Regulatory officials around the globe echo this sentiment. The European Union Aviation Safety Agency stresses that restoring public trust is paramount. EASA will not simply take the FAA’s word regarding the Max’s airworthiness. They plan independent test flights and simulations to validate Boeing’s fixes themselves. With sequential Max tragedies eroding confidence in the FAA’s certification rigor, global authorities are reluctant to immediately follow the agency’s lead again.
Internal pressures also weigh on the FAA to leave no question unanswered before lifting the Max grounding. Having certified the aircraft originally without realizing flaws in MCAS, the agency’s reputation suffered. Engineers and senior leadership at the FAA recognize that all facets of the software updates must be painstakingly analyzed prior to approving the Max for flight. No longer can they play catchup on issues Boeing glossed over.
While Boeing may assure the public that the reworked software no longer poses safety concerns, the flying community expects ironclad proof. Airlines, pilots, regulators and passengers themselves demand tangible evidence that lessons have been learned before entrusting lives to the Max again. The FAA understands the gravity of their responsibility.
That’s why agency test pilots plan to personally scrutinize Boeing’s modifications from every angle during recertification flights. Engineers will rebuild failed MCAS scenarios in simulators to confirm software improvements prevent uncontrolled dives. No assumptions can be made that Boeing fully rectified what regulators failed to identify originally.
Grounded But Not Forgotten: United, Alaska Air Inspect Boeing 737 Max 9s Post-Grounding - Airlines Grapple With Communicating Impacts to Travelers
As the Boeing 737 Max saga continues, airlines face an uphill battle communicating how the groundings impact customers. With hundreds of flights cancelled daily, delayed aircraft deliveries, and lingering uncertainty around the Max’s return, travelers grow increasingly frustrated by disruption. Airlines tread cautiously to acknowledge these frustrations while also reassuring the public of their safety commitment.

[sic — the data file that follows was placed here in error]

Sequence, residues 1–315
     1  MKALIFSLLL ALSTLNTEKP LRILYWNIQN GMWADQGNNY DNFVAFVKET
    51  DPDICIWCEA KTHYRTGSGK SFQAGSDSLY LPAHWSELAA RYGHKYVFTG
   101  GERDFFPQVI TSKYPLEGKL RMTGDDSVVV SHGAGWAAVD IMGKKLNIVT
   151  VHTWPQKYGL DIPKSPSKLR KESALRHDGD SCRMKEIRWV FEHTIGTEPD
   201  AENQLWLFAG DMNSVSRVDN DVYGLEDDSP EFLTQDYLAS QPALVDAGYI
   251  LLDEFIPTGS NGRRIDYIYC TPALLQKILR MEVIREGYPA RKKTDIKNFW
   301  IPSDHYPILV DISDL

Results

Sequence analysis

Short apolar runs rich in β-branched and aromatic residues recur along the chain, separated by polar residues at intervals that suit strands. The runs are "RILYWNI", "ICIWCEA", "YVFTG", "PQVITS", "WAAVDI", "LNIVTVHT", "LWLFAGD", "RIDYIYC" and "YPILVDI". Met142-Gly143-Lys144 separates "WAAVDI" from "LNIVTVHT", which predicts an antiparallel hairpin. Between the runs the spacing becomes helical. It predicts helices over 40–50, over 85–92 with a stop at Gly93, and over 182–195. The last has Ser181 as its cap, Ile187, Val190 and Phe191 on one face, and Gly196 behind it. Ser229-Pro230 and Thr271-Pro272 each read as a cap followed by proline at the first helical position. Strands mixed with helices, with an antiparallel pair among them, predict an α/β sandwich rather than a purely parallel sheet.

For Southwest Airlines, more candid communication comes naturally. Known for transparency and customer focus, Southwest has proactively reached out to affected travelers about the scale of cancellations, aircraft shortages, and efforts to minimize disruption. Customers receive flight credit vouchers with candid messages admitting “We’ve disappointed you” and “Want to make things right”.
While Southwest hopes such directness fosters goodwill, other airlines take a more cautious approach. American Airlines originally relied on sterile press releases to inform customers about mass cancellations due to the Max grounding. But when confused passengers flooded call centers for clarity, American pivoted to be more transparent. Webpages now explain in plain language how the groundings impact flight availability and operations. Outreach emails acknowledge the inconvenience while affirming safety as the priority.
Yet airlines must walk a fine line when communicating Max impacts. They aim to demonstrate empathy and understanding to customers whose travel plans changed. But cannot explicitly cast blame towards Boeing’s flawed automation system that triggered the grounding itself. That risks complex legal entanglements and jeopardizing valuable manufacturer relationships.
So airlines often use vague language about “groundings”, “fleet changes”, and “schedule adjustments” instead of outright implicating the Max’s safety issues. They allow news headlines to fill in those blanks rather than risk making bold claims themselves.
The same balancing act extends towards avoiding dire warnings about flight safety itself. Airlines do not want travelers associating their brands with crash events that gripped headlines and eroded public confidence. So they focus PR efforts on operational impacts of cancellations, not technical causes.
That leaves some customers interpreting airline communications as formulaic damage control. When United sends a dry press release about “temporary capacity reductions”, anxious travelers want clearer reassurance of oversight processes. Alaska Airlines reps field demands for specifics on why exactly the planes were grounded.
In this climate of eroded trust, airlines compete to convince travelers they’ve taken every precaution. Southwest highlights expanded maintenance on its Max jets awaiting recertification. Delta trumpeted the expertise of its personnel while avoiding the Max entirely.
The challenge persists even as airlines await the Max’s return to service. They must carefully leaven messages about resuming Max flights with proof of retraining programs, FAA recertification processes, and software safeguards. Without vivid demonstrations of safety, anxious flyers may balk at stepping aboard a Max again regardless of federal clearance to fly.